Washington was just as one might expect; rainy, beautiful and gray. Traveling with Rally was a breeze. We arrived at the airport early, giving ourselves plenty of time to pass through security and find our boarding gate. The TSA agents were very thoughtful and polite, waving Rally and I towards the metal detector. I took off my shoes and walked through with Rally. On cue the detector beeped, noticing the metal on his vest and dog tags. The TSA agent led us to the side of the traffic, and gave us both a through pat down. She was very interested in Rally’s past as a rescue, and we chatted cheerfully as she ran her hand along the inside of his vest. Rally laid down obediently as she turned to pat me down, and once cleared, we bid farewell and headed to our boarding gate. Once there, we boarded our plane and Rally settled down at our feet. The take off was a bit bumpy, but Rally was occupied with a bully stick, and slept peacefully until we landed in Seattle.
Traveling with a service dog always presents unique situations, and while everyone at the airport and rental car agency was kind, respectful and polite, we did encounter individuals who were less educated about service dog teams. One such charming person was the manager at a Chinese buffet. By now I can sense when I am about to be challenged over Rally’s access, and I braced myself, plastering a bland, polite smile across my face as she leaned over the counter.
“No dogs.” She waved a finger. “No dogs.”
“He’s not a pet.” I explained. “He’s a service dog.”
She scanned me; not blind, not visibly physically handicapped, no obvious mental impediments. “Need ID.”
“Actually, service dogs don’t require ID.” I said, consciously keeping my voice calm. “There is no such thing as an official service dog ID.”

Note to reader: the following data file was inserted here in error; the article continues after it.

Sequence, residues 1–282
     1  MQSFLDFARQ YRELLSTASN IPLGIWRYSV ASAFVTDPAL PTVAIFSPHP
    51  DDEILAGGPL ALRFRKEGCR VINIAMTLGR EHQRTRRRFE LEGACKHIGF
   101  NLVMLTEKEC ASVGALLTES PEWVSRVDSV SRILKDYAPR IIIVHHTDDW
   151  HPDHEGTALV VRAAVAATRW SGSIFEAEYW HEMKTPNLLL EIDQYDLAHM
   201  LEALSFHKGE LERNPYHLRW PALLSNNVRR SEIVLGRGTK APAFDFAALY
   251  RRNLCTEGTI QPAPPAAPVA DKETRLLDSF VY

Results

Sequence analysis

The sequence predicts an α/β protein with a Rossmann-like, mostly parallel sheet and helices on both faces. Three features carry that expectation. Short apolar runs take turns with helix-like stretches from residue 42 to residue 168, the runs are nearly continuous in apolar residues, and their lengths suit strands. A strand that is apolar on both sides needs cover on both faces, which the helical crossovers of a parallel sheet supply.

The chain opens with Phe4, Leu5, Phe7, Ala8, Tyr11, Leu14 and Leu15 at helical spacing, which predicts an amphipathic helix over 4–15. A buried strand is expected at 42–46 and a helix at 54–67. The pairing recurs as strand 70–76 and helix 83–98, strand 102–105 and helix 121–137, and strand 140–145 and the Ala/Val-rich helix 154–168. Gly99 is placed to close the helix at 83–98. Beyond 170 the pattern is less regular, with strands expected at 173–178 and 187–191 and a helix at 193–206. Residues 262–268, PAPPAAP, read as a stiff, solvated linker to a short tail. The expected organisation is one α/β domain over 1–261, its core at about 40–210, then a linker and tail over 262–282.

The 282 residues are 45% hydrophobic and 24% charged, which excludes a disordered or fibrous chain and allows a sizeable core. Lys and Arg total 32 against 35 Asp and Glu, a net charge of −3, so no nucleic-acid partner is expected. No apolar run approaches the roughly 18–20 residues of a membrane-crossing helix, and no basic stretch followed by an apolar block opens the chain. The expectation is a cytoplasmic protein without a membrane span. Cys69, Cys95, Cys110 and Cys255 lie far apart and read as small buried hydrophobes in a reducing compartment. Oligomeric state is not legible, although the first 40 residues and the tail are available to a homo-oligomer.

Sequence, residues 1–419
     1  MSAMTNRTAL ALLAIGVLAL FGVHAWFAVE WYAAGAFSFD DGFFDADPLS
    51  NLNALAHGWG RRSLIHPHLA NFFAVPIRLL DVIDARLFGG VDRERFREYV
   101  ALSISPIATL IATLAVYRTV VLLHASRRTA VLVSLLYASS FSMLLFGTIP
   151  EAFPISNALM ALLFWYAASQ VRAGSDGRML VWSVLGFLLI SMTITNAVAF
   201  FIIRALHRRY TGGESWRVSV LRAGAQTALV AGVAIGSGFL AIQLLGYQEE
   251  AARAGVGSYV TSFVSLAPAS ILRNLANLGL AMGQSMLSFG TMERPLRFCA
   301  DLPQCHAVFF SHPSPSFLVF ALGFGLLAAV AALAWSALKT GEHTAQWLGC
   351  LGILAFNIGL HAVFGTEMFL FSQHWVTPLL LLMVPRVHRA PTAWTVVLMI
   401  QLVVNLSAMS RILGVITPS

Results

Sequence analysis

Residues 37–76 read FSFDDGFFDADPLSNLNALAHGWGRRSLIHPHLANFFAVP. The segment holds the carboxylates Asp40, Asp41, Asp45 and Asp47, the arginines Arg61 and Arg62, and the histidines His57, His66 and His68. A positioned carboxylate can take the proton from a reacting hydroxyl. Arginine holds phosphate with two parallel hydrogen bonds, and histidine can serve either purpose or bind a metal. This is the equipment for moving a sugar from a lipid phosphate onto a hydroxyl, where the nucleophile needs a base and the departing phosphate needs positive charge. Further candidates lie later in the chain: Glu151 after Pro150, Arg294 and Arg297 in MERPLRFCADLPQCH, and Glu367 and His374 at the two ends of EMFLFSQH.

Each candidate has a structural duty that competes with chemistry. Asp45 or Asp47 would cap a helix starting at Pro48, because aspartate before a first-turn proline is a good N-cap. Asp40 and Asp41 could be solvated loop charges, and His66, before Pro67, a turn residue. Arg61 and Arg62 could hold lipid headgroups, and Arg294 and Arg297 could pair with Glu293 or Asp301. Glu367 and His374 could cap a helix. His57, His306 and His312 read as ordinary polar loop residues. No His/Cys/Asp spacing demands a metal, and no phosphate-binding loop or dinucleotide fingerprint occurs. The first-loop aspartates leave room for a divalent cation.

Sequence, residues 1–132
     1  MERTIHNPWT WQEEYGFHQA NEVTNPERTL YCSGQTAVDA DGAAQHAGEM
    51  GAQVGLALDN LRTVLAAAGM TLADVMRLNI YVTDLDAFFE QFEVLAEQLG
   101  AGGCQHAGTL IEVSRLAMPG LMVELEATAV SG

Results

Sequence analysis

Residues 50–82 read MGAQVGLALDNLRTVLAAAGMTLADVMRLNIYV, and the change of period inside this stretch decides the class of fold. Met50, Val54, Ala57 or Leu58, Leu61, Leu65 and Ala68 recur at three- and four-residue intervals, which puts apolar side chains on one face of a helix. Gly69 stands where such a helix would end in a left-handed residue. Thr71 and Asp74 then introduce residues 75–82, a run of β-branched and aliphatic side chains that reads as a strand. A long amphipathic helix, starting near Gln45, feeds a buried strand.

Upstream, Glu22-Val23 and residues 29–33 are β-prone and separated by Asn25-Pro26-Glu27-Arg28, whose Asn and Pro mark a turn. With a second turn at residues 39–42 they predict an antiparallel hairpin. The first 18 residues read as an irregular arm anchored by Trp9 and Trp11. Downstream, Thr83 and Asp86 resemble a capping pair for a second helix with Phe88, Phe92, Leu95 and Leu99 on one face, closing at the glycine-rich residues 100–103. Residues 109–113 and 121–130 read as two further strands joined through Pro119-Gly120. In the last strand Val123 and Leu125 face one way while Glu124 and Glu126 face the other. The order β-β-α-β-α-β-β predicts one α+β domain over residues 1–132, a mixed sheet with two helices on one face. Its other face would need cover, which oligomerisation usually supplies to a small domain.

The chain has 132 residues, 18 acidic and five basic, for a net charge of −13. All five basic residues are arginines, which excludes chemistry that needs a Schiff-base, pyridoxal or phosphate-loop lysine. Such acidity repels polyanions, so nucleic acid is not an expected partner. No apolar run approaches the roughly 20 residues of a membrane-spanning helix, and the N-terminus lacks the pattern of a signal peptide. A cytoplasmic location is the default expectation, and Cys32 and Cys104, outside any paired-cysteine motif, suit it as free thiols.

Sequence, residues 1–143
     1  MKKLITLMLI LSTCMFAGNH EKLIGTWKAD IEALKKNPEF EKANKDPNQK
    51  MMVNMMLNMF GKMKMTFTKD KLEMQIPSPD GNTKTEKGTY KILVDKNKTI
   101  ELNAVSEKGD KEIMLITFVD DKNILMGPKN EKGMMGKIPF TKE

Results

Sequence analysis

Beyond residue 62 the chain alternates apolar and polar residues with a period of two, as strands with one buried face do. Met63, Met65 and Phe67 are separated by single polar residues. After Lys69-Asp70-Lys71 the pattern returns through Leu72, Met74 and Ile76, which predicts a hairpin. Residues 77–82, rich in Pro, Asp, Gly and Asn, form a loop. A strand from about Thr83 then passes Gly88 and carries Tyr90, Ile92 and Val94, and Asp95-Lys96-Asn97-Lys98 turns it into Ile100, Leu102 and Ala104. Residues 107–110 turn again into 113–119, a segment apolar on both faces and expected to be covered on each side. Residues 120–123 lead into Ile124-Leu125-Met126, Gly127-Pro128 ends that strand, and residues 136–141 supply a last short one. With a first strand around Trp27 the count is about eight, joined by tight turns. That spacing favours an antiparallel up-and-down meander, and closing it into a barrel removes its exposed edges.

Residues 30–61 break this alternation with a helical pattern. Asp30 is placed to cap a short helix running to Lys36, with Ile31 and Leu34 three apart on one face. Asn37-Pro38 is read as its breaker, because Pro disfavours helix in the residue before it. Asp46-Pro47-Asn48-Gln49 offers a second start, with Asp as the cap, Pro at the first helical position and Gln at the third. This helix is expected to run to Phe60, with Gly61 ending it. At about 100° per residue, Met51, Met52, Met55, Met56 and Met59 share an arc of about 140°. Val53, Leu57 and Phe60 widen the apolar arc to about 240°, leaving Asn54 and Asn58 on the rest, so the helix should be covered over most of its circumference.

“ID.” She insisted. “Need ID.”
I repeated myself, and she became annoyed. “ID.”
Becoming a little annoyed myself, I pointed to the numerous patches that adorned Rally’s vest, some which read, “Medical alert service dog”, “Access required by law,” and “Do not pet.” “ID.” I said.
She grudgingly allowed us into the restaurant, where we were promptly led past the clean, brightly lit tables and placed in the far reaches of the building. The booth was dirty and it was gloomy. We were served our requested tea by a woman, who stared in open fascination and suspicion at Rally curled up at my feet, and after that, never saw a waiter again. We felt very uncomfortable in the hostile environment, and left quickly after eating.
I mention this incident not to draw attention to the lack of education of the restaurant staff or to complain, but to merely point out that when traveling with a service dog, one can become too confident in one’s welcome. The plane and rental car agency were a piece of cake to navigate; but no matter how many of the public that is educated about service dog teams, there are always those who treat us-especially those with invisible disabilities-with skepticism and disbelief. After my encounter at the restaurant, I made myself a promise that if I was ever met with such open hostility and doubt, then I would turn around and take my money elsewhere.
Other than that slight blip in an otherwise pleasant evening, the rest of our trip was wonderful. We explored various local cafes and attended a comedy/improv show. Flying back to Nevada, I reflected on our vacation and realized how fortunate I was to have Rally and my best friend Alex to accompany me throughout life. It was fun to travel, but it’s good to be home.